Thank goodness for that handy invention, bubble wrap wine skins. They really do work and we have been able to safely bring home wines from Australia, France, Italy, Argentina, Chile and Washington state (which is quickly becoming a favorite of mine – but that’s another wine, another blog).
Today, I’m tasting one more Australian wine we purchased from Wine Selectors and brought home with us last summer. This 2014 Terra Felix chardonnay comes from a single vineyard in the foothills of Mount Buffalo near Myrtleford in Alpine Valley, Victoria. Terra Felix means “The Lucky Country” in Latin, the way that owner Peter Simon’s father viewed Australia when he immigrated from Austria.
At first, the bouquet displays a faint vanilla scent with nutty oak overtones. As the wine opens up, the oak becomes more pronounced.
This medium bodied chardonnay has a light golden color. The mouthfeel is clean with crisp acidity in the finish. Flavors of citrus zest, apple and grapefruit come through.
We paired this wine with a Brie du Pommier, an aromatic artisan organic cheese from France and seasoned, seed covered flatbread crackers. The wine held up well to this rather flavorful combination.
The wine sells for $25 Australian dollars at Wine Selector.
Sonoma County, one of my favorite wine regions, has been burning for almost a week. The nearby regions of Mendocino and Napa are also suffering catastrophic losses. With more than 5,000 homes destroyed, 36 people dead, and more than 50,000 people under evacuation orders, it doesn’t feel like the right time for a wine review. Instead, I ask that you consider ways to assist. Supplies, and especially monetary donations are needed.
Here are a few ways you can help:
The Red Cross needs volunteers to help with fire evacuees. Sign up online here or contact the Volunteer Center of Sonoma County at firstname.lastname@example.org or call (707) 573-3399.
United Way of Wine Country created a relief fund to help those affected by the fires. Donate here.
The Salvation Army has multiple teams providing meal services at evacuation centers and is seeking monetary donations. 100% of your donation goes to the relief effort. Donate here.
For other ways you can help, visit the Santa Rosa Press Democrat website for a comprehensive list of evacuation centers and volunteer opportunities.
Thank you for your kindness and generosity! I’ll be back soon with more wine reviews and stories.
From the Margaret River, Western Australia, the Leeuwin Estate Prelude Vineyards, delivers another delicious chardonnay. With its cool climate, this is a region that produces the style of chardonnay I prefer.
The color of the wine, Leeuwin Estate Prelude Vineyards 2015, is bright, clear and light yellow in color. The nose displays aromas of ripe pears, fig, crème brulee, and slight oak. Subtle fruit flavors of peaches and apple, with a hint of biscuit, make this an easy drinking wine. The style is clean and light, almost refreshing in taste, with a medium body. It is 14.0% in alcohol.
One of the many that we purchased on our trip to Australia, I bought this one at Dan Murphy’s in Melbourne. For our USA readers, it’s available at FineWineHouse.com for $35.98. Or, you can just hop on a plane and head to Australia and taste all these yummy chardonnays I’ve been writing about these past few months, and see for yourself. It’s a long flight, so you’ll want to stay awhile. 😊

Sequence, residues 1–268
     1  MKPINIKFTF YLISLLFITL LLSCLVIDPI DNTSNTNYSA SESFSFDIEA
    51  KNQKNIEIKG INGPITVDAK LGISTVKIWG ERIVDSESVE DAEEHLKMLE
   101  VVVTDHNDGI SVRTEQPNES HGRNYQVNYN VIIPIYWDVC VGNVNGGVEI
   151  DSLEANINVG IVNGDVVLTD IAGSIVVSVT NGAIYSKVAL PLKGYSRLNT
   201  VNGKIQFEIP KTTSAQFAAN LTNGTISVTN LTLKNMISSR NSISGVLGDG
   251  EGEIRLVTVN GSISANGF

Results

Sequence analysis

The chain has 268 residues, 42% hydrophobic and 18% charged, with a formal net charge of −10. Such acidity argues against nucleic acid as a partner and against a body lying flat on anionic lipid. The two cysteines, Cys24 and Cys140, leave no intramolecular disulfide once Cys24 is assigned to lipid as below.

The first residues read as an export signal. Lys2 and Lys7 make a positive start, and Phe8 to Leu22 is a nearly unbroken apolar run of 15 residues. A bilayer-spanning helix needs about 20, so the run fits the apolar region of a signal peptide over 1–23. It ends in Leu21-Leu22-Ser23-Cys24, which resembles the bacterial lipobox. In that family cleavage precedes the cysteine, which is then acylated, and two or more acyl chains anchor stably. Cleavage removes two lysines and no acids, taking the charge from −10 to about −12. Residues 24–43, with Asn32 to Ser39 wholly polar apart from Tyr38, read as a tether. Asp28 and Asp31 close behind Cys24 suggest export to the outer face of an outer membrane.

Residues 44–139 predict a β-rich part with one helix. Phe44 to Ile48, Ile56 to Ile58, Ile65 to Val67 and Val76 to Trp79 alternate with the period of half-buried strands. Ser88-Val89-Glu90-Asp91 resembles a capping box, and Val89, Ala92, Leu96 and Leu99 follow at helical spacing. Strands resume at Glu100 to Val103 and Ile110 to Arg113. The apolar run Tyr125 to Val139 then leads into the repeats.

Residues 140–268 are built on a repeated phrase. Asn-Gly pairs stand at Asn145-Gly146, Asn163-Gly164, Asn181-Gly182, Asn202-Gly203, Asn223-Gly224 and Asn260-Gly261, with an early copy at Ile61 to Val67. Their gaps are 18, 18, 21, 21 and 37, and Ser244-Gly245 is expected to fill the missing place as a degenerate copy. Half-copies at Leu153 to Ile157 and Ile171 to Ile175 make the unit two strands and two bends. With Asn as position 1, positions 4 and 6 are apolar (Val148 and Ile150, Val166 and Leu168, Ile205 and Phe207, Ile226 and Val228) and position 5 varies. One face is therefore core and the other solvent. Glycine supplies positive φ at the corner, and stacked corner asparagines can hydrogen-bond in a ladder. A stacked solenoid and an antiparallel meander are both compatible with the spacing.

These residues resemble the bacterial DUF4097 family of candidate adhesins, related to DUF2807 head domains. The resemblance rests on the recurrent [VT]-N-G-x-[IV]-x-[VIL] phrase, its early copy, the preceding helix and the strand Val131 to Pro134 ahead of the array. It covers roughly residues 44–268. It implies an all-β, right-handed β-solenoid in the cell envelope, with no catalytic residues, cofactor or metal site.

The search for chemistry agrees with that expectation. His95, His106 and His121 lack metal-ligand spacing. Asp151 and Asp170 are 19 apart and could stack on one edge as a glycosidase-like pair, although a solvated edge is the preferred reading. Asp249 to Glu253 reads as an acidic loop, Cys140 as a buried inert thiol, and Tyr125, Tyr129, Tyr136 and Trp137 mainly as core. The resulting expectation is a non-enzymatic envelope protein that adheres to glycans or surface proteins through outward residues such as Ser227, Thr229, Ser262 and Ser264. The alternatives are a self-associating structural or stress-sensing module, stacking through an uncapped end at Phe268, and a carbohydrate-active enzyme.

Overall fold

Somewhere in the McLaren Vale wine region, South Australia, lives a winemaker after my own heart. Determined to reintroduce a style of chardonnay that has gone out of favor in Australia, Fred Howard of Dog Ridge Winery began making an old-fashioned, creamy, buttery chardonnay called “Butterfingers.”
In fact, enamored with Fred’s new/old style of chardonnay, Harry Fisher from The Times on the Coast, in Victor Harbor, Australia, wrote a story about “Chardonnay Recovered from Fumble.” A copy of that article proudly graces the back label of every bottle of Butterfingers. Fisher writes, “A local winemaker is winding back the clock and looking to bring bold and full-bodied chardonnays back in to popularity with a new generation of wine drinkers.”
Introduced to this charming, energetic winemaker at the Sydney Good Food and Wine Show, we got a chance to stop by Fred’s booth, taste his wines, and learn more about his passion for making what I call the “old-fashioned” style of chardonnay. You know – the kind I’m always hunting for…
So, of course, I brought a bottle of this golden sunshine home with me from Australia. Aged in brand new French oak barrels, this chardonnay is lightly oaked. It’s golden in color, clean, clear and well, just plain pretty! Aromas of crème brulee and pear with a faint, sweet floral note fill the glass. It is a full structured, big, round, creamy and luscious wine, with flavors of stone fruit. The wine is 13.5% in alcohol.
We paid $20.00 AUD ($15.79 USD) for this chardonnay at the food and wine show, most likely a promotional price. But, it can be purchased for $27.99 AUD at BlackSheepBottleShop.com.au or $25.00 AUD on the Dog Ridge website.
McLaren Vale, south of Adelaide is one wine region we didn’t make it to when we visited Adelaide three years ago. With only time for one wine tour, we chose the famous Barossa Valley. But now that I’ve tasted several wines from the McLaren Vale, I’m definitely anxious to visit when we return to Australia. The list is growing longer with the Margaret River wine region calling my name and the Hunter Valley still on my bucket list. Mornington Peninsula, just outside of Melbourne and an easy side trip from Sydney, also came highly recommended. Until then, I’ll be saving my pennies for a return trip to this lovely wine producing country. Australia, keep making those lovely chardonnays. I’m coming back!